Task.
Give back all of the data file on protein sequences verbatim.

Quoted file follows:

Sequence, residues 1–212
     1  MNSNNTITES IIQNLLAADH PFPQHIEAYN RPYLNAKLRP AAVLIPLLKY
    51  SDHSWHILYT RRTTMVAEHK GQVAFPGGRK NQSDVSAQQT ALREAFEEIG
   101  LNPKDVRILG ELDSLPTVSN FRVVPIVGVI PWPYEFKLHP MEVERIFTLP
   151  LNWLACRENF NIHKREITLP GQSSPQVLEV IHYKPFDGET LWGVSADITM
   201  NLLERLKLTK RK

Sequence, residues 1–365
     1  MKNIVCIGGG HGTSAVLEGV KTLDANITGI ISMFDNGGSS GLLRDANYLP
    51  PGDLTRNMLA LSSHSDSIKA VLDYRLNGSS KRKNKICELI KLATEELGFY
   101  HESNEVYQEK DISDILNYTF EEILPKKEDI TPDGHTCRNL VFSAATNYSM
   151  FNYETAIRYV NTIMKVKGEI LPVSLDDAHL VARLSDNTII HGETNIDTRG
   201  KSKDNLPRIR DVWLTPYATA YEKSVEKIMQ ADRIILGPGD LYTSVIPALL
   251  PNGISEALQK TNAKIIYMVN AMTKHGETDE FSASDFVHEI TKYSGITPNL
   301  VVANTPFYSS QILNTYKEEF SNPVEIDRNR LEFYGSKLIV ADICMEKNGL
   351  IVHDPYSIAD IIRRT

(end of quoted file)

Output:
Sequence, residues 1–212
     1  MNSNNTITES IIQNLLAADH PFPQHIEAYN RPYLNAKLRP AAVLIPLLKY
    51  SDHSWHILYT RRTTMVAEHK GQVAFPGGRK NQSDVSAQQT ALREAFEEIG
   101  LNPKDVRILG ELDSLPTVSN FRVVPIVGVI PWPYEFKLHP MEVERIFTLP
   151  LNWLACRENF NIHKREITLP GQSSPQVLEV IHYKPFDGET LWGVSADITM
   201  NLLERLKLTK RK

Sequence, residues 1–365
     1  MKNIVCIGGG HGTSAVLEGV KTLDANITGI ISMFDNGGSS GLLRDANYLP
    51  PGDLTRNMLA LSSHSDSIKA VLDYRLNGSS KRKNKICELI KLATEELGFY
   101  HESNEVYQEK DISDILNYTF EEILPKKEDI TPDGHTCRNL VFSAATNYSM
   151  FNYETAIRYV NTIMKVKGEI LPVSLDDAHL VARLSDNTII HGETNIDTRG
   201  KSKDNLPRIR DVWLTPYATA YEKSVEKIMQ ADRIILGPGD LYTSVIPALL
   251  PNGISEALQK TNAKIIYMVN AMTKHGETDE FSASDFVHEI TKYSGITPNL
   301  VVANTPFYSS QILNTYKEEF SNPVEIDRNR LEFYGSKLIV ADICMEKNGL
   351  IVHDPYSIAD IIRRT